How do you feel about young girls who become child brides? If a young woman was tricked into marriage, raped by her husband and tried to escape a violent attack by killing him, should she face the death penalty?

A Young Sudanese Girl

A Young Sudanese Girl

In Sudan, 16-year-old Noura Hussein was forced by her parents to marry her 35-year-old distant cousin. Instead of going through with it, Noura fled from her home in Khartoum and stayed with her aunt for a few years to continue with her education.

After graduating high school, she had thought the prospect of marriage was no longer an issue. Three years later, Noura’s parents convinced her to come home with the promise of no marriage to her cousin, but she was tricked and forced to marry her cousin in April regardless of her protestations. Noura felt trapped and hopeless so she went along with the wedding. Her dream of becoming a teacher was dashed. In addition to participating at a wedding that was not of her choice, she had to find ways to thwart her husband from consummating their marriage.

Noura refused to have sex with her husband for several days after the wedding, but on the ninth night, he had his male relatives hold her down while he raped her. When he tried to have sex with her again the following night, and she refused, he threatened her with a knife. While struggling with the knife, Noura was able to wrestle it away from her husband and stab him to death before he could rape her again.

Instead of protecting Noura, her father turned her into the police and she confessed to stabbing her husband to death. She was sent to jail and because marital rape is not seen as a crime in Sudan, the court sentenced her to death, stating her action to be criminal, not self-defense.

Noura’s death sentence has garnered global attention that resulted in overturning the death sentence, but she was still sent to prison for five years and ordered to pay a fine of $19,000 to her deceased husband’s family. How was this just? Wasn’t it enough that her family betrayed her by forcing her to marry a stranger, only to be raped for not acquiescing to have sex with him as he thought was his right as her husband? Yes, she stabbed her husband, but for Noura, it was her only way out of a hopeless and dangerous situation. She should not be condemned for trying to save her own life.

I understand that every country has traditions and customs, but how can forcing a young girl to marry at the age of 16 by her family be agreeable, even enforced by law in that country? According to the non-profit Girls Not Brides, 1 in 3 Sudanese girls is married before the age of 18. How can any girl develop their potential if they’re forced into a situation where they have no rights and are treated like property?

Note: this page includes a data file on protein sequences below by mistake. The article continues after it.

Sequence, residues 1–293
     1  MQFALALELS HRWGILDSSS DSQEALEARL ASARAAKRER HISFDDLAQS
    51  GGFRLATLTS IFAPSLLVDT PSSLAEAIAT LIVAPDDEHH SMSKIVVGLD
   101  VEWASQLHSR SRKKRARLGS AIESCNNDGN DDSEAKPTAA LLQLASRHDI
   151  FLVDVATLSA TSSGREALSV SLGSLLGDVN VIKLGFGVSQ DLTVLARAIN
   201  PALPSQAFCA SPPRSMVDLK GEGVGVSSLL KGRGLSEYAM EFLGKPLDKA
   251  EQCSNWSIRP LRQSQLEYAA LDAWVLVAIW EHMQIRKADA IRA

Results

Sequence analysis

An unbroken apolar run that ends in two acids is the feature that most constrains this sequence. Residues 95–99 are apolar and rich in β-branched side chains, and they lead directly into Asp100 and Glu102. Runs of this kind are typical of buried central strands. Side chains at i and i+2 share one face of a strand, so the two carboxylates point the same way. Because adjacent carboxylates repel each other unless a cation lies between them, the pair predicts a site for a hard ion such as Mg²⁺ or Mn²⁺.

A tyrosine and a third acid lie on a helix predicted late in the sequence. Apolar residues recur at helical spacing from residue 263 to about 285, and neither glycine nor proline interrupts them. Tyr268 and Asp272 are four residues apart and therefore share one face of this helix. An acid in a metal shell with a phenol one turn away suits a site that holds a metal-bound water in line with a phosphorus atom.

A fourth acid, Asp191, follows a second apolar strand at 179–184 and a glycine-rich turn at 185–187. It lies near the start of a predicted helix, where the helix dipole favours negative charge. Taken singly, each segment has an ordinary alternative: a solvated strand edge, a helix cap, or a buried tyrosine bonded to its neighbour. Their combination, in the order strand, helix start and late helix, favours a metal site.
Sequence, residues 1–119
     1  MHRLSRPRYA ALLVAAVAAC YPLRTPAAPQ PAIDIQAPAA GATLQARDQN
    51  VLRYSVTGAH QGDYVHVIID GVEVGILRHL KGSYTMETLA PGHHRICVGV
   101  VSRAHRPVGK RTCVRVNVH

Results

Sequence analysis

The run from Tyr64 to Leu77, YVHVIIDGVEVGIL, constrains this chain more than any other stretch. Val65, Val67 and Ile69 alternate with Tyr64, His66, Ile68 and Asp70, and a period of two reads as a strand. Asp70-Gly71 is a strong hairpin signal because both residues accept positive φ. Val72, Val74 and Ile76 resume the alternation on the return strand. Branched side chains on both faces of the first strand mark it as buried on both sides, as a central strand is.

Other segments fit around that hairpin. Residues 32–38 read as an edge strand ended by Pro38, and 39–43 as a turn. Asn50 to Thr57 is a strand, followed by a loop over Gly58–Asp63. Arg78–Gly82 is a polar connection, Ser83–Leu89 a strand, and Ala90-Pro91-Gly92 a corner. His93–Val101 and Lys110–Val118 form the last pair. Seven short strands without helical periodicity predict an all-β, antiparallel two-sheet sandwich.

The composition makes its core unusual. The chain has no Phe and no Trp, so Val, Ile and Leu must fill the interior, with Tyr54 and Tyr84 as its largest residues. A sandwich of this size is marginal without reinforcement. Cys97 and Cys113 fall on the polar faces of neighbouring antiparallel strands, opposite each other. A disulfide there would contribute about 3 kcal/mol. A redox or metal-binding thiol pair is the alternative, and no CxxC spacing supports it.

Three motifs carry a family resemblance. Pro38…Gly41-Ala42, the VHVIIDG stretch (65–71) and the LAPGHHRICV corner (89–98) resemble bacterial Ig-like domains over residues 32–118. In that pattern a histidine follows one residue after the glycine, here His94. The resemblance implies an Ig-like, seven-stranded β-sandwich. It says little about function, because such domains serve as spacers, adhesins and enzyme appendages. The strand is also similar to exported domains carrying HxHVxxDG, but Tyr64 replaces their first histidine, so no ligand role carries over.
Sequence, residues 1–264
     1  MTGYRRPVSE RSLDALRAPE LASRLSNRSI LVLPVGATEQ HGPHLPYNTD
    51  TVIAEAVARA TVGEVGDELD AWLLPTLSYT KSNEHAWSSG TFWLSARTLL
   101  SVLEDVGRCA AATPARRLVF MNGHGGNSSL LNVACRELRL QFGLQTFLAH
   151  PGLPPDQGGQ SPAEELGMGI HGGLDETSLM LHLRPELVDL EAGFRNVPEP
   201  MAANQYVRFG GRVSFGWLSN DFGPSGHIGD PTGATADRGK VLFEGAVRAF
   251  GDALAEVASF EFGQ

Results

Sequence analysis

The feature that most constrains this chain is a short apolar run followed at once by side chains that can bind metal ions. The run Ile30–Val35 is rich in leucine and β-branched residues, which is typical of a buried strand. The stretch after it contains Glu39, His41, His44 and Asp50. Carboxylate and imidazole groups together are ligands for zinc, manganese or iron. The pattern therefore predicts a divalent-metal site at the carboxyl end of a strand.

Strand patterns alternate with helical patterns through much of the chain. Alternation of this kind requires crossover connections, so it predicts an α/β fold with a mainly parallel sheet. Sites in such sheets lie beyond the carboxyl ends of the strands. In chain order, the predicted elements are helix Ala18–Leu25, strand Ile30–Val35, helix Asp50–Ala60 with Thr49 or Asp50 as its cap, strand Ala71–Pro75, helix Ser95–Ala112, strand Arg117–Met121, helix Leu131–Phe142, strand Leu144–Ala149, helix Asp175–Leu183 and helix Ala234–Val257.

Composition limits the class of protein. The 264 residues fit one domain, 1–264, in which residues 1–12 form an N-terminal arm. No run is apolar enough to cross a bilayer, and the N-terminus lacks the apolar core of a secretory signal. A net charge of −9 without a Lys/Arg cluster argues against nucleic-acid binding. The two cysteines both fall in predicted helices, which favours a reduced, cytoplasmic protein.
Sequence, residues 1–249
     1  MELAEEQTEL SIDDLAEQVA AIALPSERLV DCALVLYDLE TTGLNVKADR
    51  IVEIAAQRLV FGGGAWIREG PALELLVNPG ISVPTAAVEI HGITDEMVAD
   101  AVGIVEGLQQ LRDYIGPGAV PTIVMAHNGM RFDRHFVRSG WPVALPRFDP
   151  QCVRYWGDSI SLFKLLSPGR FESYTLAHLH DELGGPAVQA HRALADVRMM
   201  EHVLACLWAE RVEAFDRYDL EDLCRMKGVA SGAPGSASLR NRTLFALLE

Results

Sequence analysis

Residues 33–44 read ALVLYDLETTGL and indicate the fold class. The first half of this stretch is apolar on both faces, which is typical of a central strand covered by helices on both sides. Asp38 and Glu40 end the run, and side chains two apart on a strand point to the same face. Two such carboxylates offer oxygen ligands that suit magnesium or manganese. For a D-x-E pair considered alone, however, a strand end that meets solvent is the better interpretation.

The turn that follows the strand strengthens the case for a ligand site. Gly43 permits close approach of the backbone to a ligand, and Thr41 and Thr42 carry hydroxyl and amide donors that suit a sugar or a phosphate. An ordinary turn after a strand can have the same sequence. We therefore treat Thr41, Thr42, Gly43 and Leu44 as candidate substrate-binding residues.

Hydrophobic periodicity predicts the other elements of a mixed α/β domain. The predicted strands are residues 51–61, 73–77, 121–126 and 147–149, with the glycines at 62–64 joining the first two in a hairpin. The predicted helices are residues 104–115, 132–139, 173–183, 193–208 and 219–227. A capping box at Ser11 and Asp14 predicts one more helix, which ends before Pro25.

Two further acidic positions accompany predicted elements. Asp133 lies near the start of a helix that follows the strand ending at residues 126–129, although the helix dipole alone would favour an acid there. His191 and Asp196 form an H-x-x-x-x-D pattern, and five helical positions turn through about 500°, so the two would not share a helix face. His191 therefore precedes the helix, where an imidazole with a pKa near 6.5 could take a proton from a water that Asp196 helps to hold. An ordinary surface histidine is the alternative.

As a mom, I can’t imagine my daughter married at the age of 16, let alone forcing her into a marriage where it wasn’t her choice. Yes, I’m coming at this as a Mom with a Western perspective, but also as someone who values a person’s worth. I believe that every country’s traditions and customs should be respected, but if it means endangering the life of a child or young woman, then I don’t support it. Is she guilty of murdering her rapist or was it self-defense? In my opinion, Noura did what she thought was necessary to ensure that her husband did not rape her again or endanger her life.

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Photo Credit: Wikimedia

Tes Silverman

Tes Silverman was born in Manila, Philippines and has been a New Yorker for over 30 years. Moving from the Philippines to New York opened the doors to the possibility of a life of writing and travel. Before starting a family, she traveled to Iceland, Portugal, Belgium, and France, all the while writing about the people she met through her adventures. After starting a family, she became a freelance writer for publications such as Newsday’s Parents & Children and various local newspapers. Fifteen years ago, she created her blog, The Pinay Perspective. is designed to provide women of all ages and nationalities the space to discuss the similarities and differences on how we view life and the world around us. As a result of her blog, she has written for and has been invited to attend and blog about the Social Good Summit and Mom+Social Good. In addition, she is a World Voice Editor for World Moms Network and was Managing Editor for a local grass roots activism group, ATLI(Action Together Long Island). Currently residing in Virginia Beach, VA with her husband, fourteen year-old Morkie and a three year old Lab Mix, she continues to write stories of women and children who make an impact in their communities and provide them a place to vocalize their passions.

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